Often the government argues that a conviction should serve to collaterally estop a taxpayer from arguing that the ill-gotten gains were not gross income. Keith discussed the somewhat unusual case of Senyszen v Commissioner where the Tax Court looked at the impact of a tax evasion conviction on the amount of the civil liability owed by the taxpayers and held that the IRS cannot use collateral estoppel to impose a liability where it otherwise does not exist.  As that case makes clear, courts have discretion to not apply it even when the basic conditions are satisfied. Moreover, sometimes embezzlement type convictions do not have the specificity in terms of the amount at issue, which could generate a separate dispute. Here as Judge Holmes notes, the amount itself was specific in the indictment, and Swartz is left to face the tax consequences of that conviction, though his later repayment of the $12.5 million may generate a deduction that perhaps will soften the blow somewhat.



Hiramanek Case Raises Issue of Collateral Estoppel When Spouse Intervenes as well as the Refusal of Tax Court to Accept Attempted Concession by IRS on Issue of Duress

Today, we welcome back guest blogger Patrick Thomas.  Patrick has just finished his Christine Brunswick Fellowship through which the ABA Tax Section sponsored his work for two years at the Low Income Taxpayer Clinic (LITC) located within the Neighborhood Christian Legal Clinic in Indianapolis, Indiana.  He will open the new LITC at Notre Dame Law School this fall as its first director.  He writes on an recent decision by Judge Halpern involving an interesting innocent spouse case with a couple of unusual procedural issues.  Keith

On May 10, Judge Halpern issued a memorandum opinion in Hiramanek v. Commissioner, T.C. Memo. 2016-92, denying innocent spouse relief in a standalone petition under section 6015(e). This case presents an interesting application of the collateral estoppel doctrine, along with a good example of circumstances under which a purported joint tax return is signed under duress. Mr. Hiramanek, the Petitioner (and a certified public accountant), was denied the opportunity to argue that a joint return was filed because of his prior intervention in his ex-wife’s case before the Tax Court, where the Court found that because the purported joint return was signed by Mr. Hiramanek’s wife under duress, she could not be held liable for the deficiency on that return. Because Mr. Hiramanek had effectively litigated this issue previously before the Court, he could not raise it again in his own proceeding under section 6015(e).


For tax year 2006, the IRS received what purported to be a joint tax return from the Hiramaneks. In March 2010 the IRS sent them a Notice of Deficiency, which determined a $27,222 deficiency, along with a $5,444 section 6662(a) penalty. Mrs. Hiramanek (“Ms. Kapadia” in the Court’s opinion) timely filed a petition, which both requested innocent spouse relief and disputed the deficiency in full. Mr. Hiramanek formally intervened in that case under Rule 325(b).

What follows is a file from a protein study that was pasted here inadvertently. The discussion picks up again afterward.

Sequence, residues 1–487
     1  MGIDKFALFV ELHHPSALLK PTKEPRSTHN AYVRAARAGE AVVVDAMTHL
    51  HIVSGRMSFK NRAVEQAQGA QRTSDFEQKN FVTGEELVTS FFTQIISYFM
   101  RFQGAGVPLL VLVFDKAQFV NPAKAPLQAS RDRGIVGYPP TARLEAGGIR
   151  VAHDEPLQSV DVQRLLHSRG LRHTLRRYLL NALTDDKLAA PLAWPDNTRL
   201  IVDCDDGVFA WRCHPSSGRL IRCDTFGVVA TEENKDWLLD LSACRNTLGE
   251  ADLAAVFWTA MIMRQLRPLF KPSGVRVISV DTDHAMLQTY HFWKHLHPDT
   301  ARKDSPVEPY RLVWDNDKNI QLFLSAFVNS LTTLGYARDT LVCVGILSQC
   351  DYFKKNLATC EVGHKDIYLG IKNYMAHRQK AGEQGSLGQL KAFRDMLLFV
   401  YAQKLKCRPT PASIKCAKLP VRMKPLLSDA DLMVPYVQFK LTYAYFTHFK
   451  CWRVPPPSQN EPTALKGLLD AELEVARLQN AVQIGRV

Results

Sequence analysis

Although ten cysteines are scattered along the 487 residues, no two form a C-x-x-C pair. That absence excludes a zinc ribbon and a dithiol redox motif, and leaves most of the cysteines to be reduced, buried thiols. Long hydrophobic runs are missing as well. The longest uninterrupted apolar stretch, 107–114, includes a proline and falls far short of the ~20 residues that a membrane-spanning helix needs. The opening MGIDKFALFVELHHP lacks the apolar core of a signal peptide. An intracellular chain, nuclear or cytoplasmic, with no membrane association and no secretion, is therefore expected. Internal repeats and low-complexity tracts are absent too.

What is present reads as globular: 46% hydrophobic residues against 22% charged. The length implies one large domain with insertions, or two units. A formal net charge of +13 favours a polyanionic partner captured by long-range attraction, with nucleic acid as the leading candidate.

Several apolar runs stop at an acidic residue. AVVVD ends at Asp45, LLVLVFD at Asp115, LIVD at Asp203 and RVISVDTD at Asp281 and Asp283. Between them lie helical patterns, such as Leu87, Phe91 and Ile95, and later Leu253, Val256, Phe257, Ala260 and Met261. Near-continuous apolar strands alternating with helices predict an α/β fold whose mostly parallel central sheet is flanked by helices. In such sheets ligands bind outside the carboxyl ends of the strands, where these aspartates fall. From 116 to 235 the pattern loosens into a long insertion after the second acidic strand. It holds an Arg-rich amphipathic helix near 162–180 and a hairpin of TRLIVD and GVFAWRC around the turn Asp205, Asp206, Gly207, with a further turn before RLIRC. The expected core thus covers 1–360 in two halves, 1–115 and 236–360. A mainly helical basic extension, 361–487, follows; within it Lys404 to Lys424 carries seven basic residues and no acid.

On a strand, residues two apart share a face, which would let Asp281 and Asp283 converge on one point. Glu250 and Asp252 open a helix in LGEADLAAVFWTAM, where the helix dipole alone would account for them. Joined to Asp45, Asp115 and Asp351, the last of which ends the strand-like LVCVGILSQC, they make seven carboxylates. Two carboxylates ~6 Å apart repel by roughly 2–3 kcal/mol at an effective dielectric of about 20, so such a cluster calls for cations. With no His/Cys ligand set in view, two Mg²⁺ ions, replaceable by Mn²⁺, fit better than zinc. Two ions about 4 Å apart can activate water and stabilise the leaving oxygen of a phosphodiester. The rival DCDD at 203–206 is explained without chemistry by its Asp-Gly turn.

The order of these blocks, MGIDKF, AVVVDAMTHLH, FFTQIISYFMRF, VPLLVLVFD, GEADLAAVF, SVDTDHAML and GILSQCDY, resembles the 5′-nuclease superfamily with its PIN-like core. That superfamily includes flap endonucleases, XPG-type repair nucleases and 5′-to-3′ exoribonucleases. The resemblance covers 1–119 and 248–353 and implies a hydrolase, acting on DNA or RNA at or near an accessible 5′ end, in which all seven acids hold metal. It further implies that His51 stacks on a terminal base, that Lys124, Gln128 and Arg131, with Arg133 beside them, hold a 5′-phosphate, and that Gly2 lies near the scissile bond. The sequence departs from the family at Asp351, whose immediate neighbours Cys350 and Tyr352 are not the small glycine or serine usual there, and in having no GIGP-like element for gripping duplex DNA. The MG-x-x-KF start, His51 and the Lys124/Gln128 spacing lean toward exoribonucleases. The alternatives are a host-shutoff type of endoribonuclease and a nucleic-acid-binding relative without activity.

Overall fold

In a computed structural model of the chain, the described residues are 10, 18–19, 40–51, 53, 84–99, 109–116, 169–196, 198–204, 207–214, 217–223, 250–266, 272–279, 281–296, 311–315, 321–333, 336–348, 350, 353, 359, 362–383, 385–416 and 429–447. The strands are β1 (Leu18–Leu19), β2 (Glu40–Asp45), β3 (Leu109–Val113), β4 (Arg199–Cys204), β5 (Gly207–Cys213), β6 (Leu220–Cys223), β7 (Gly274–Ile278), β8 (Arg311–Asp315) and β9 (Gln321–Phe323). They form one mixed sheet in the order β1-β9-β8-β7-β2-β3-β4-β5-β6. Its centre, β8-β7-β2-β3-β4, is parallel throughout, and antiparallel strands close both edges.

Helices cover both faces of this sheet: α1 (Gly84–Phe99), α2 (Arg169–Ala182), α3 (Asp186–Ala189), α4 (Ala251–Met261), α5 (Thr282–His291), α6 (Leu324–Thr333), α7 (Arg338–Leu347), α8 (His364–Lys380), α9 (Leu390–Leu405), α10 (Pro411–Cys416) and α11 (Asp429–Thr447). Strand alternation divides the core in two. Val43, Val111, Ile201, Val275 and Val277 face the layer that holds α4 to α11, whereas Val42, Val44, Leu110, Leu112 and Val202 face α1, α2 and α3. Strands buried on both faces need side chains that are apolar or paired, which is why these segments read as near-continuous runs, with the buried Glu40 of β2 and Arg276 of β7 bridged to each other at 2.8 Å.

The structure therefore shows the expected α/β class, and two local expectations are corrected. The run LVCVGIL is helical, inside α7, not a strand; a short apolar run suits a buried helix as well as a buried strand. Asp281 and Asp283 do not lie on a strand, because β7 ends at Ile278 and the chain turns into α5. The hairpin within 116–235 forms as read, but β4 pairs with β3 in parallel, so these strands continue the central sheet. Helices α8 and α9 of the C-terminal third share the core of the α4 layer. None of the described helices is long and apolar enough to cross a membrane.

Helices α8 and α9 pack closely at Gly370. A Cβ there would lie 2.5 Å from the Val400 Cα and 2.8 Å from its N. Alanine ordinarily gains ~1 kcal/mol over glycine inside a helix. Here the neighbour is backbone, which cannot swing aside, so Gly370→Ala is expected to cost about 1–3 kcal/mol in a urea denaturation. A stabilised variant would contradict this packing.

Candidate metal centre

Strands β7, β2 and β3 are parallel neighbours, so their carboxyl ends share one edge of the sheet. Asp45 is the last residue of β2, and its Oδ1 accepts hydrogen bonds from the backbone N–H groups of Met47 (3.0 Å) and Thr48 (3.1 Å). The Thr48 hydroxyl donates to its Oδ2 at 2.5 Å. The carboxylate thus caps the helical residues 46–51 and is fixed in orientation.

Prior to trial, Ms. Kapadia and the Service stipulated that she signed the purported joint return under duress and that therefore no deficiency existed with respect to her. The Court, however, did not accept the stipulation and proceeded to hold a trial on the duress issue. In his testimony at trial, Mr. Hiramanek disputed the allegations of duress, but otherwise did not introduce other relevant evidence.  Ms. Kapadia testified and introduced other evidence of a long history of abuse, along with the specific abuse that forced her signature on the tax return.

The Court found that Ms. Kapadia signed the return under duress and, accordingly, she was not liable for the deficiency. Specifically, the Court held Mr. Hiramanek’s contrary testimony not credible, while finding credible Ms. Kapadia’s testimony and evidence showing a history of abuse. (The Court also found that she qualified for relief under IRC § 66(c), which provides an exception from community property rules where spouses separately file). The Court’s ultimate findings as to the circumstances of duress are quite harrowing. According to the Court:

Throughout their marriage [Mr. Hiramanek] physical and verbally abused petitioner. During 2007 the abuse included threats against petitioner’s life, physical assaults, and verbal abuse. Petitioner documented several instances of abuse in a handwritten diary from December 13, 2005, to April 4, 2007.

In 2007 [Mr. Hiramanek] prepared a 2006 joint Federal income tax return . . . for himself and petitioner. On the evening of April 3, 2007, [Mr. Hiramanek] presented petitioner with a copy of the joint return for her signature. Petitioner refused to sign the return without first reviewing it. [Mr. Hiramanek] initially refused but, upon petitioner’s instance [sic], allowed her a quick glance at the return. Petitioner noticed that [Mr. Hiramanek] had claimed a casualty loss deduction of $35,000 for a break-in to their rental car while they were vacationing in Hawaii. [Mr. Hiramanek] had overstated the amount of the casualty loss deduction, and as a result, petitioner refused to sign the return.